However, when Jimmy learns the truth—and finds out that Angela has been plotting to leave him and flee to Paris with their son—he quietly forgives her. Although Pitt delivers a dazzling performance as Jimmy, this disappointing inconsistency in the script abruptly deflates a storyline packed with tension, and is not in keeping with Jimmy’s explosive nature. It is also doubtful that during an era in which women who cut their hair short were considered scandalous rebels (Jimmy looks at disgust at Angela when she chops her long locks) and ladies are chastised for swearing (“You’ve got a fresh mouth for a broad,” Lucky Luciano tells his paramour) that Jimmy would be so passive about Angela’s betrayal—despite the fact that he has betrayed her, too.

But this is the only unauthentic moment in an otherwise stellar series. The unmistakable style of Martin Scorsese—who is an executive producer of Boardwalk Empire and directed its pilot—is evident, especially during a scene in which blood slowly seeps onto a carpet from a gangster’s fatal gunshot wound—just as Tommy DeVito met his end in Goodfellas. Terence Winter (writer and executive producer of The Sopranos)’s involvement in Boardwalk Empire is also obvious, even in the casting of several small roles. The late Tom Aldredge (Carmela’s father in The Sopranos) plays Nucky’s father, and Max Casella is a small-time gangster in both series.

The Sopranos depicted mobsters as complex people who lead unconventional lives rife with common problems, and it presented storylines that took time to simmer and gradually came to a rolling boil. Boardwalk Empire effectively follows the same pattern. Even minor characters are vital components of the beautifully elaborate plot—especially Gretchen Moll as Jimmy’s attractive young mother, and Dabney Coleman as a retired gangster whose significance in Jimmy’s and Nucky’s lives is startlingly revealed at the end of the season.

Boardwalk Empire credibly and delightfully recreates the Roaring Twenties with the decade’s sumptuous fashion, its Jazz Age slang (men call their pals “boyo” and girls refer to their boyfriends as “daddy”), references to popular products (Nucky suggests taking Brioschi for indigestion), and a lush soundtrack studded with gems like "Some of These Days" and "My Man".

Given the historical accuracy of the series, the music in its introduction—played while Nucky stands at the Atlantic City shore while it fills with floating liquor bottles—at first seems oddly contemporary. But the modern music is appropriate and telling, as it indicates the timelessness of the issues and themes in the series. Take away the women’s Chanel silhouettes and the men’s fedoras, and the pathos of Boardwalk Empire -- with its government corruption, political scandals, family dysfunction, difficult romantic relationships, bruised soldiers just home from war, and catastrophic financial losses due to the original Ponzi scheme -- is not much different from politics and business these days. This is, perhaps, one of the reasons the series is so relatable.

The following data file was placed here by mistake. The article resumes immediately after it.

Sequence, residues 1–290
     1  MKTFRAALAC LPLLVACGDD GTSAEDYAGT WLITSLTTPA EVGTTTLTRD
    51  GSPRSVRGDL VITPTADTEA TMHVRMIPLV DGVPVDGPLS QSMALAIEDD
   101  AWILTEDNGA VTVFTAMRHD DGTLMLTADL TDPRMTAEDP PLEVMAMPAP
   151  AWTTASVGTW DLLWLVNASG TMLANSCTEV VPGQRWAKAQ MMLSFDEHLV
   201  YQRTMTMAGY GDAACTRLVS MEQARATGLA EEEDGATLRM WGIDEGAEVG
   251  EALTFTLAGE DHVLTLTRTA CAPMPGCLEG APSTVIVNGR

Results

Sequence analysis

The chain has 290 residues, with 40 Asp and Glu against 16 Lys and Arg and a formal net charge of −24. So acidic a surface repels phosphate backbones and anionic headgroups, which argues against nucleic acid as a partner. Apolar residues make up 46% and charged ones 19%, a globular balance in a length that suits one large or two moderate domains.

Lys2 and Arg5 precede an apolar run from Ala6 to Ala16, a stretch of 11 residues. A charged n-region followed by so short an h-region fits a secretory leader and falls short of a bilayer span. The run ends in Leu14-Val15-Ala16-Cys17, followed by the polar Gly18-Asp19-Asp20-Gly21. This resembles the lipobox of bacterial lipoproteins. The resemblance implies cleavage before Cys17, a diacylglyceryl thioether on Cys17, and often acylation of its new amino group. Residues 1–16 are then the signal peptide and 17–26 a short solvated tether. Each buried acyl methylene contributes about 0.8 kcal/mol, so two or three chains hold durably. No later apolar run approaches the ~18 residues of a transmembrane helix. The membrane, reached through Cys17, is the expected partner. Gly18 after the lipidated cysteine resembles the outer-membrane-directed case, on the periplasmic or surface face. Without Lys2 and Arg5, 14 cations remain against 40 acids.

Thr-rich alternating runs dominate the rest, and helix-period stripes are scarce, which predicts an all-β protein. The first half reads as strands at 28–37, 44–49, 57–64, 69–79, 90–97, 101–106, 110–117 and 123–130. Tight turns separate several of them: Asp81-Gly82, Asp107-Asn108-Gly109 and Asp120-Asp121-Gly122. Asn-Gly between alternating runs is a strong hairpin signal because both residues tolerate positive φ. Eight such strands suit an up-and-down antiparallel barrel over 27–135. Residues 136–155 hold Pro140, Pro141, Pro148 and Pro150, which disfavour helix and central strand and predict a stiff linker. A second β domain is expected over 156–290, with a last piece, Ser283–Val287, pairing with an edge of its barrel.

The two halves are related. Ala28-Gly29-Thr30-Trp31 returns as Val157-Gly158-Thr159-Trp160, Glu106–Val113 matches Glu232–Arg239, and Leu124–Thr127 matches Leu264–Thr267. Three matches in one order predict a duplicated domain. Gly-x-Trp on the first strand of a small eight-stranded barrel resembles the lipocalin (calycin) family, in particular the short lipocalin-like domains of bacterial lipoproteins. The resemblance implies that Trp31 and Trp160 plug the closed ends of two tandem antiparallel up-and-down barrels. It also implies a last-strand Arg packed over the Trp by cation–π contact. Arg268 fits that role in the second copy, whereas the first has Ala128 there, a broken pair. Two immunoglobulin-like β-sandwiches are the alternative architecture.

The DVD contains character bios in written dossier format, and voice-over commentary of the episodes from the executive producers, writers, and cast. It also offers a wonderful behind-the-scenes glimpse at the creation of the series, which includes interviews with Martin Scorsese, Terence Winter, Steve Buscemi, and various cast members. Additionally, there's a fascinating feature that unveils the meticulous research and historical accuracy required to re-create Atlantic City of the '20s, which Terrence Winter describes as “Times Square on the ocean.”


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"Now I am just more tired and poor. So no, I haven't changed. I'm just older and more tired," says French radio journalist and documentarian Sonia Kronlund, as she looks back on the experience of making The Prince of Nothingwood (2017).

Joining Salim Shaheen, the most popular and prolific actor-director-producer in Afghanistan on his 111th no budget feature, Kronlund documents the week-long shoot and the events surrounding it. She crafts an insight into a larger than life persona, yet amidst the comedy and theatricality of Shaheen and his troupe of collaborators, she uncovers the heavier tones of the everyday reality of war and patriarchal oppression. If The Prince of Nothingwood will popularly be remembered for celebrating the creative spirit of its star, it is equally an important communication on Afghanistan, it's culture and its people. Alongside the awareness of the country cultivated by mainstream media news outlets, Kronlund's film offers an insight into a country that can humanise the prejudice and xenophobic tendencies of a western perspective towards Afghanistan.

In October of this year at the UK premiere at the BFI London Film Festival, Kronlund spoke with PopMatters about being driven by questions rather than inspiration. She also reflected on the subjective nature of documentary filmmaking, the necessary artistic compromises of filming in Afghanistan, and feeling a satisfaction with imperfections.

Why filmmaking as a means of expression? Was there an inspirational or defining moment?

Not really, no. I have always done documentary. I used to write scripts and TV series but I only make documentaries myself for radio and television. For this story, I figured out after a while that it deserved a bigger ambition and a bigger screen and that's why I don't very much believe in inspiration. To be honest, I made this film because I had to do something. I didn't have a big project where I thought: I want to make this. I went there and I found a little money and at the end the ambition and the inspiration came along the way. But there was not an urgent necessity to make this film. It fits with a lot of things that I'm interested in, like popular culture -- What does art stand for and why do we go to the cinema? What is the purpose? This is a question I'm interested in, but inspiration, not so much.